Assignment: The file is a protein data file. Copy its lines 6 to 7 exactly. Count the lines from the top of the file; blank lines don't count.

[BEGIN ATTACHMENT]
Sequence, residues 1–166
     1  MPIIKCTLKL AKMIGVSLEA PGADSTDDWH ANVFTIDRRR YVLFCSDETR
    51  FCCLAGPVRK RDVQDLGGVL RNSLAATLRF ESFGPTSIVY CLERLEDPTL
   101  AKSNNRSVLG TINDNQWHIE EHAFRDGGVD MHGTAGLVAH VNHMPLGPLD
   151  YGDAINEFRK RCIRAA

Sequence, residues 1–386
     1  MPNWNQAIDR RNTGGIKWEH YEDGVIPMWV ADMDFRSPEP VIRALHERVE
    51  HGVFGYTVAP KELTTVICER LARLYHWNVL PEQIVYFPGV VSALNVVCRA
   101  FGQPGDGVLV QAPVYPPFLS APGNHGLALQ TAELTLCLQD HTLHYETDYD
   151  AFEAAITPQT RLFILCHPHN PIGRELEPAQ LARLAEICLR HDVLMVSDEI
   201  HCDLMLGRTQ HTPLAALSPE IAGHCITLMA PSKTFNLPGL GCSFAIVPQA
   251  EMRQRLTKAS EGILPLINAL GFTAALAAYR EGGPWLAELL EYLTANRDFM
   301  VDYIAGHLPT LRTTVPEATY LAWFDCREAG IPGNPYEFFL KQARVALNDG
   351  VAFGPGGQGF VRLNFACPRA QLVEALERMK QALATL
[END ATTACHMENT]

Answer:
Sequence, residues 1–386
     1  MPNWNQAIDR RNTGGIKWEH YEDGVIPMWV ADMDFRSPEP VIRALHERVE